This article first appeared in the 14 January 2013 issue of the New Statesman, Dinosaurs vs modernisers

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How can Britain become a nation of homeowners?

David Cameron must unlock the spirit of his postwar predecessors to get the housing market back on track. 

In the 1955 election, Anthony Eden described turning Britain into a “property-owning democracy” as his – and by extension, the Conservative Party’s – overarching mission.

60 years later, what’s changed? Then, as now, an Old Etonian sits in Downing Street. Then, as now, Labour are badly riven between left and right, with their last stay in government widely believed – by their activists at least – to have been a disappointment. Then as now, few commentators seriously believe the Tories will be out of power any time soon.

But as for a property-owning democracy? That’s going less well.

When Eden won in 1955, around a third of people owned their own homes. By the time the Conservative government gave way to Harold Wilson in 1964, 42 per cent of households were owner-occupiers.

That kicked off a long period – from the mid-50s right until the fall of the Berlin Wall – in which home ownership increased, before staying roughly flat at 70 per cent of the population from 1991 to 2001.

But over the course of the next decade, for the first time in over a hundred years, the proportion of owner-occupiers went to into reverse. Just 64 percent of households were owner-occupier in 2011. No-one seriously believes that number will have gone anywhere other than down by the time of the next census in 2021. Most troublingly, in London – which, for the most part, gives us a fairly accurate idea of what the demographics of Britain as a whole will be in 30 years’ time – more than half of households are now renters.

What’s gone wrong?

In short, property prices have shot out of reach of increasing numbers of people. The British housing market increasingly gets a failing grade at “Social Contract 101”: could someone, without a backstop of parental or family capital, entering the workforce today, working full-time, seriously hope to retire in 50 years in their own home with their mortgage paid off?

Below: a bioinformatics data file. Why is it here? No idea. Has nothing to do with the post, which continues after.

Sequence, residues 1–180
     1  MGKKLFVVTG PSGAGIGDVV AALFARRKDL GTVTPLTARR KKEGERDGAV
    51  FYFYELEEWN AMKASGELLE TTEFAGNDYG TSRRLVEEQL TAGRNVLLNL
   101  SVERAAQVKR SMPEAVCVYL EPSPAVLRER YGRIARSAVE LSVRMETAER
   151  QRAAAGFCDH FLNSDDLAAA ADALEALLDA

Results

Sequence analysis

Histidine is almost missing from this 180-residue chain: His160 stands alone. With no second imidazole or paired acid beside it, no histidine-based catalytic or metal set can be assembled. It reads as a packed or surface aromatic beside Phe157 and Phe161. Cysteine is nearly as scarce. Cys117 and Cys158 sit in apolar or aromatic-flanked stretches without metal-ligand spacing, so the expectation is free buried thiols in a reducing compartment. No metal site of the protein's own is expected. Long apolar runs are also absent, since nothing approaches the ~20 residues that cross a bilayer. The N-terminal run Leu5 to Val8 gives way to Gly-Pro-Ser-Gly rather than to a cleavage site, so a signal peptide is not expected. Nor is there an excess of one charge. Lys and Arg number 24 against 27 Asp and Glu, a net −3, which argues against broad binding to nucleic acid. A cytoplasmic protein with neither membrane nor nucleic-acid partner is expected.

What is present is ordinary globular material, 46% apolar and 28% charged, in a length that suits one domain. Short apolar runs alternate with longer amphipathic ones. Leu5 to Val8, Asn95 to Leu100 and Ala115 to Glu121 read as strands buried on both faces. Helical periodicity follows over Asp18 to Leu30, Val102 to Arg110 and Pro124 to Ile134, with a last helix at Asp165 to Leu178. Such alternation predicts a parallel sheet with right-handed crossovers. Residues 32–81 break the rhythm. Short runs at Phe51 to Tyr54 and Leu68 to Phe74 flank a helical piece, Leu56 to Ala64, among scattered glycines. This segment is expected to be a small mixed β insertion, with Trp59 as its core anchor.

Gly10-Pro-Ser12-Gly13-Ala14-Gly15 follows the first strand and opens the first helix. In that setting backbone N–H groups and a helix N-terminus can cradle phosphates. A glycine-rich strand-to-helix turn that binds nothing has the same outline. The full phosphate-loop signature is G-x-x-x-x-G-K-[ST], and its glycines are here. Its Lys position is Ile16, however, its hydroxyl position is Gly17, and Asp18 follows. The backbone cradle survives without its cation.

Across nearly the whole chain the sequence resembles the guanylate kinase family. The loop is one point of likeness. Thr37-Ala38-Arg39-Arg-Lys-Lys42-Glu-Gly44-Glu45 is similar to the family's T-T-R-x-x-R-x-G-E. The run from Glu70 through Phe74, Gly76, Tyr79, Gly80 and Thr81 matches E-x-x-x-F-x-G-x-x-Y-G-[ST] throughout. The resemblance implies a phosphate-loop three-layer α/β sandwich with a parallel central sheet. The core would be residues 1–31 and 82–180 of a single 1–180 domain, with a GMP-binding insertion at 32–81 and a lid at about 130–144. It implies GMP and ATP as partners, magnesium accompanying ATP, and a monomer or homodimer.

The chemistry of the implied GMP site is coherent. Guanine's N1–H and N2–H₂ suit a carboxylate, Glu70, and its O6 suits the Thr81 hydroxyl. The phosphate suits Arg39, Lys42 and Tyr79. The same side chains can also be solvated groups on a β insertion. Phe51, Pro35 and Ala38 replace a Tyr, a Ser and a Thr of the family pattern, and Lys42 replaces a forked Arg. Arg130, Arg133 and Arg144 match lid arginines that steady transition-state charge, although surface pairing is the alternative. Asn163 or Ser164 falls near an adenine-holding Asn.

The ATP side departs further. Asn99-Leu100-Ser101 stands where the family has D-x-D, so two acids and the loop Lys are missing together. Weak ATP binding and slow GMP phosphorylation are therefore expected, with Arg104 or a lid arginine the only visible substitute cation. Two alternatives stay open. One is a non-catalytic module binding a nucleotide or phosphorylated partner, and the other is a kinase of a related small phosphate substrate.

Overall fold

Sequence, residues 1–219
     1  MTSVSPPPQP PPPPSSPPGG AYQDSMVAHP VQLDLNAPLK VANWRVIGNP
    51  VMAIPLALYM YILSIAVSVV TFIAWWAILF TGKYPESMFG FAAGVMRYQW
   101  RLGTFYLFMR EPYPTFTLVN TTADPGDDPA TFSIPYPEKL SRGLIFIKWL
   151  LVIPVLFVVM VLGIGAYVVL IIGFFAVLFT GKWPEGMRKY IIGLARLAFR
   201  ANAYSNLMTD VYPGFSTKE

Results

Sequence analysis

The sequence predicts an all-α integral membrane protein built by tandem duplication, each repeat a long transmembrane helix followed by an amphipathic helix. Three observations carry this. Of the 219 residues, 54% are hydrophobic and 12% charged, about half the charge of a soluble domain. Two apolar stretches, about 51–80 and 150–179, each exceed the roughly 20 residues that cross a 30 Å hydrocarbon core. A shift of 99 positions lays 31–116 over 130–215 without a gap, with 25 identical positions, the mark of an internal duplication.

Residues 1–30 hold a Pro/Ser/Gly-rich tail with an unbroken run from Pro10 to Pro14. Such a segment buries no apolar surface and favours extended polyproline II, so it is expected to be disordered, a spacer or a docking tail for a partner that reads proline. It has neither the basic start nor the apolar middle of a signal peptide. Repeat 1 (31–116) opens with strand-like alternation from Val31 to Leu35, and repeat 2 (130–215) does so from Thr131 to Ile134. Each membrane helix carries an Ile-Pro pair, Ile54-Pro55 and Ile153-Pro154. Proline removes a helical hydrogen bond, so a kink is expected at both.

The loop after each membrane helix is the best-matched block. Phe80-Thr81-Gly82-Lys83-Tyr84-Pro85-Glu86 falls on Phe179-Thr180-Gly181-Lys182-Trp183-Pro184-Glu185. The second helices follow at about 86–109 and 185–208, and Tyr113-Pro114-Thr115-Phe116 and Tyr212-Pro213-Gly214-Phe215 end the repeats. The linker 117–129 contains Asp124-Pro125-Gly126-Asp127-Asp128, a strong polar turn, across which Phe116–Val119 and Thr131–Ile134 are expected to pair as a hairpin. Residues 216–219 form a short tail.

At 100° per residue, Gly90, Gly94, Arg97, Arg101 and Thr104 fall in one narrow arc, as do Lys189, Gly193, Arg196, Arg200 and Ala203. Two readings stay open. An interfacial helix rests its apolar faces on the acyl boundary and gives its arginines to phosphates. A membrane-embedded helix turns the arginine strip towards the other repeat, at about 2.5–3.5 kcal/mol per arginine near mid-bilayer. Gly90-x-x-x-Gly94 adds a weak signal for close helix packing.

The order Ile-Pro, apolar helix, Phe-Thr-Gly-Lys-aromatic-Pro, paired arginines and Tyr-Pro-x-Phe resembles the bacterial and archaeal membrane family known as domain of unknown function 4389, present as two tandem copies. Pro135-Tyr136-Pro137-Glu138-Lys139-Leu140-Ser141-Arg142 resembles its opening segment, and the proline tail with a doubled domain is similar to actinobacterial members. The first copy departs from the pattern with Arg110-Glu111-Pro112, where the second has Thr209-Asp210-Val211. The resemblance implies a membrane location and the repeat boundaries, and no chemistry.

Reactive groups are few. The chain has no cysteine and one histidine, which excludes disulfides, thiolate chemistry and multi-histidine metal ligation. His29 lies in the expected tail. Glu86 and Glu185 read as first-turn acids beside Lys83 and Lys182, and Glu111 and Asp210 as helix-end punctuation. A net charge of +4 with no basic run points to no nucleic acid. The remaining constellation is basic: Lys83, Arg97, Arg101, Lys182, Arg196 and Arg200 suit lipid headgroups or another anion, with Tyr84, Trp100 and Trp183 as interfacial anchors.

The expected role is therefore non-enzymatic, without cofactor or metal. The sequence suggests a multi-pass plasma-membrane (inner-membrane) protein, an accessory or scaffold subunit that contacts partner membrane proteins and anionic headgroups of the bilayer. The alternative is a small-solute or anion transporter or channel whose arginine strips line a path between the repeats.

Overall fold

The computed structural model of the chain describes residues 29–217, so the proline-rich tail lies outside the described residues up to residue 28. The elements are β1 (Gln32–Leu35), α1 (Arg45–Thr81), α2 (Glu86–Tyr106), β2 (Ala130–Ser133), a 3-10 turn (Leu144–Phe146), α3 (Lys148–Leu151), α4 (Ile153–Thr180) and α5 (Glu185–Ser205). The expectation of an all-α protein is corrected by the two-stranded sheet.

It’s useful to compare and contrast the policy levers of those two Old Etonians, Eden and Cameron. Cameron, so far, has favoured demand-side solutions: Help to Buy and the new Help to Buy ISA.

To take the second, newer of those two policy innovations first: the Help to Buy ISA. Does it work?

Well, if you are a pre-existing saver – you can’t use the Help to Buy ISA for another tax year. And you have to stop putting money into any existing ISAs. So anyone putting a little aside at the moment – not going to feel the benefit of a Help to Buy ISA.

And anyone solely reliant on a Help to Buy ISA – the most you can benefit from, if you are single, it is an extra three grand from the government. This is not going to shift any houses any time soon.

What it is is a bung for the only working-age demographic to have done well out of the Coalition: dual-earner couples with no children earning above average income.

What about Help to Buy itself? At the margins, Help to Buy is helping some people achieve completions – while driving up the big disincentive to home ownership in the shape of prices – and creating sub-prime style risks for the taxpayer in future.

Eden, in contrast, preferred supply-side policies: his government, like every peacetime government from Baldwin until Thatcher’s it was a housebuilding government.

Why are house prices so high? Because there aren’t enough of them. The sector is over-regulated, underprovided, there isn’t enough housing either for social lets or for buyers. And until today’s Conservatives rediscover the spirit of Eden, that is unlikely to change.

I was at a Conservative party fringe (I was on the far left, both in terms of seating and politics).This is what I said, minus the ums, the ahs, and the moment my screensaver kicked in.

Stephen Bush is editor of the Staggers, the New Statesman’s political blog.